Canada and Venezuela have not accredited each other’s proposed ambassadors, writes the Associate Editor of Ottawa’s Embassy Magazine Kristen Shane. In the article posted Wednesday (March 4) on the Embassy website the journalist points out this comes at a time of “simmering political tensions between the [ruling Conservatives of Canada’s Prime Minister Stephen Harper] and the left-wing government in Caracas.”
Shane says “Despite Canada’s top representative in Venezuela apparently working in the South American country for at least seven months, Ben Rowswell hasn’t presented his credentials to the Venezuelan authorities, which usually happens within the first two or three months of arrival.”
In an interview with Embassy, the Venezuelan Ambassador-Designate Wilmer Omar Barrientos Fernández said Canada isn’t accrediting him because Venezuela hasn’t done the same yet for ambassador-designate Rowswell.
Asked by Embassy why Venezuela hadn’t accepted Rowswell’s credentials, Shane reports Barrientos chose his words carefully.
“When we arrive to a country, there are some guidelines of what you should and should not do,” he told Embassy through an interpreter in Spanish.So, the government has observed that he [Mr. Rowswell] has been very active. And I think he should wait until he is fully empowered and completely accredited in order to do all kind of activities.”
He wouldn’t specify what he meant by activities. “You have to ask him,” writes Shane. Although the journalist does point out:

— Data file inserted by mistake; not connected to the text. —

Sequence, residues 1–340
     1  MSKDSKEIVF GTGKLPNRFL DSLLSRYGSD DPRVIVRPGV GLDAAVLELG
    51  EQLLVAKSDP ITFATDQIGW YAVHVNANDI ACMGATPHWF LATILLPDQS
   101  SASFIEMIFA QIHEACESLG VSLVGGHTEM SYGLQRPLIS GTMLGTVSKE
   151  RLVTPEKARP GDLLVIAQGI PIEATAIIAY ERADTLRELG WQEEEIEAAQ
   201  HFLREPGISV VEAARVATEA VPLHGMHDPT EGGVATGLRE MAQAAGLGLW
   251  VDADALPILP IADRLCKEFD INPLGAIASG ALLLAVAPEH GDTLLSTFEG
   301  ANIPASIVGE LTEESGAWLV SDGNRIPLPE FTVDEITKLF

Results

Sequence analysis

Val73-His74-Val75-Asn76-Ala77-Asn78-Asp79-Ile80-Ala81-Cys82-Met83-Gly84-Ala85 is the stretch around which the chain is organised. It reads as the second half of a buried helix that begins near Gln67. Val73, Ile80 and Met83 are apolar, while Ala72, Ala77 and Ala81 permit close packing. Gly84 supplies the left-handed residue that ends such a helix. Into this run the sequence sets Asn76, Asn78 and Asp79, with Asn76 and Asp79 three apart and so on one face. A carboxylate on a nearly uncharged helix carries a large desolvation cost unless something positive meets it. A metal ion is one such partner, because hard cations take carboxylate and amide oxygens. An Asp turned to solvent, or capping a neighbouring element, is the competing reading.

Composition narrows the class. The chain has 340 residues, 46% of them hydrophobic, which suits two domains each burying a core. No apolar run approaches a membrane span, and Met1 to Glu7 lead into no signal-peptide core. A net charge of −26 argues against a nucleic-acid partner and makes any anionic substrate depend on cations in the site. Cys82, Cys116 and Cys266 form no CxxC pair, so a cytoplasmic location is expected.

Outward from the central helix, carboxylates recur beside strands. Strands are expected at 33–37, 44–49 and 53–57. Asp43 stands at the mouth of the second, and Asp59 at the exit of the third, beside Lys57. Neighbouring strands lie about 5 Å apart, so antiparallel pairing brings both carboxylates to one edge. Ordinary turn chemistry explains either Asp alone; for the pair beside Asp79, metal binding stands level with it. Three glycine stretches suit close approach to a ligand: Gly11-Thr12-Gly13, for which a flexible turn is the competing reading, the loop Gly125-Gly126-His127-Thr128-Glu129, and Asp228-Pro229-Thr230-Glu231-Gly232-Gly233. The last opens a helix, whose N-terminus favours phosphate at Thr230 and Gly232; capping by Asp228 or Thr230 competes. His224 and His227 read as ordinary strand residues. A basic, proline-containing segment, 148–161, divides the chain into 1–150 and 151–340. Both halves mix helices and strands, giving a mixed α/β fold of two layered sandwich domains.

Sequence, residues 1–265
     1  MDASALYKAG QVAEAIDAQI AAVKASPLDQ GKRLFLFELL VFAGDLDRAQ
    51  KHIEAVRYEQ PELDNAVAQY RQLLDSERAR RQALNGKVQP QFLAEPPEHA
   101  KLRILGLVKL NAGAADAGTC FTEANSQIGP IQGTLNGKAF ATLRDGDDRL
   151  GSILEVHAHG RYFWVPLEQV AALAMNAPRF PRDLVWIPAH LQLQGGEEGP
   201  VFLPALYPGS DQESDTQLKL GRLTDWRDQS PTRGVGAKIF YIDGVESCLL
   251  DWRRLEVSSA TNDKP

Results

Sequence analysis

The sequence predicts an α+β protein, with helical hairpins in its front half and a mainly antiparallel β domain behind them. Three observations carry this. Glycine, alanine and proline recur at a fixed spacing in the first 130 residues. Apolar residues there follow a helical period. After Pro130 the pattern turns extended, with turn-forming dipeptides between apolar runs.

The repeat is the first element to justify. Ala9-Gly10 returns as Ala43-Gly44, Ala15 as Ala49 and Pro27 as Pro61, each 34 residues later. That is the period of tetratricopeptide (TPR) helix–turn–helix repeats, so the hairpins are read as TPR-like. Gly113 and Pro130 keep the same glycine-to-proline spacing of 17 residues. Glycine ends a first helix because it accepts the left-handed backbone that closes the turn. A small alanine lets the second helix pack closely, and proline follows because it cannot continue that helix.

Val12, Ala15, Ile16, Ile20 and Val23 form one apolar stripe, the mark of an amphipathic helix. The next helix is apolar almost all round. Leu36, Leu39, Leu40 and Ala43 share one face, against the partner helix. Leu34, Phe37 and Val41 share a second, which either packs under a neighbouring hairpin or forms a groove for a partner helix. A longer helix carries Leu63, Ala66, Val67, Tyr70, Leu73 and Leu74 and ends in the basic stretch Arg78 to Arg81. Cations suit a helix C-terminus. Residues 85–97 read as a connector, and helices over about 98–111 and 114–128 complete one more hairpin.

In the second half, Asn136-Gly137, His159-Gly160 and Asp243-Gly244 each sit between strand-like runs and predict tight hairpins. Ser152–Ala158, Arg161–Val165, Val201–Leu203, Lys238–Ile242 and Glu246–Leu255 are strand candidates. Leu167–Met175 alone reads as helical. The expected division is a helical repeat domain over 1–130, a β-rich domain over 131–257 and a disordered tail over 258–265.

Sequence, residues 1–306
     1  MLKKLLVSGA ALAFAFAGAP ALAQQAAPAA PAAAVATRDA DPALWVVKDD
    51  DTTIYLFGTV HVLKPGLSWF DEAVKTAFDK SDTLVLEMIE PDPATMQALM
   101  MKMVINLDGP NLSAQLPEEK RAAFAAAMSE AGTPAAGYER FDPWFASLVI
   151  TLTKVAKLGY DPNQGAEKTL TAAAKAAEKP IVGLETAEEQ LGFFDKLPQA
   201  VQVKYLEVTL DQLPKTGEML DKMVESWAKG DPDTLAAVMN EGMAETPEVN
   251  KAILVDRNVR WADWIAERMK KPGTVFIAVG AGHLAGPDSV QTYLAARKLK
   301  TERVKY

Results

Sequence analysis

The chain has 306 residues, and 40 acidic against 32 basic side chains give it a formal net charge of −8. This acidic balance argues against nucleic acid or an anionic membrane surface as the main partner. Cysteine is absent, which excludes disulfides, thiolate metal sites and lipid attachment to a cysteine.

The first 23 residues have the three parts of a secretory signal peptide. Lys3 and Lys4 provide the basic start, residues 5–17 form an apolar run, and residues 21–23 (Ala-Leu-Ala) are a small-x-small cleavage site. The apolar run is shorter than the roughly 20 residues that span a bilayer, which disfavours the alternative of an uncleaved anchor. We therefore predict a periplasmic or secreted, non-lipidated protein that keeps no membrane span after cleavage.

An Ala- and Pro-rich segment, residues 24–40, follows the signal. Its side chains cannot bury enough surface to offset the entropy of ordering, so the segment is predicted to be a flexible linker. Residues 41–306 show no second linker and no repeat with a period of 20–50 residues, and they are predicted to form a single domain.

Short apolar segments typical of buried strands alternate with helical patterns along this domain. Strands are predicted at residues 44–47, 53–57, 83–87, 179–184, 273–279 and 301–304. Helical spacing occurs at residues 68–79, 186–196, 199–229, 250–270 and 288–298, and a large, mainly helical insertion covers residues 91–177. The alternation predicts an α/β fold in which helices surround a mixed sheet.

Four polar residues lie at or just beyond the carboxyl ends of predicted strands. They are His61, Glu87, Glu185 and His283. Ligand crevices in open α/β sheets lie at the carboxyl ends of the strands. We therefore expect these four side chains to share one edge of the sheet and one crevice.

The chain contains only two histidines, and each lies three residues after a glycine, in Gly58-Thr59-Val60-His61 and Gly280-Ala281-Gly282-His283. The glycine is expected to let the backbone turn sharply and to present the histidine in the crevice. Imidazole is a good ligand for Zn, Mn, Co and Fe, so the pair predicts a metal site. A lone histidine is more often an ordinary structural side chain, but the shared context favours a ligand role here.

Venezuelan officials have also been annoyed by the Canadian Embassy’s presentation of a human rights award, which it’s given for the past six years, to Venezuelan individuals or organizations that Canada sees as contributing to the promotion or defence of human rights. This year’s winner, lawyer Marino Alvarado, received a February visit to Canada to tour several cities, meeting academics, government officials and non-governmental organization reps along the way.
In an article posted on the website of the Canadian Defence & Foreign Affairs Institute Peter Mazereeuw describes Ben Roswell as “one of Canada’s leading practitioners of digital diplomacy: he oversaw a pilot project last year on direct diplomacy for the Department of Foreign Affairs, Trade and Development where he helped to establish a communications platform for Iranians and Iranian emigrants to communicate with each other, and occasionally the Canadian government, beyond the reach of that country’s censors.”
In the article he is quoted as saying “We want to know what’s going on in Venezuela, and because so much of the political debate and the political discussion, and frankly just the raw news about Venezuela, is happening on social media, we need to be on social media as well.”
The Foreign Affairs notice on February 28, 2014, of Roswell’s appointment as Ambassador notes he has served “as a policy officer for conflict management and peacekeeping and helped develop the Democracy Unit within the department..[and]has served…as chargé d’affaires in Baghdad, as deputy head of mission in Kabul and as Representative of Canada in Kandahar.”
Embassy Magazine/Kristen Shane – Venezuela, Canada not confirming each other’s ambassadors – here
Canadian Defence & Foreign Affairs Institute/Peter Mazereeuw – Canada dispatches digital diplomacy devotee to Caracas – here
Foreign Affairs, Trade and Development notice – Diplomatic Appointment, Ben Roswell – here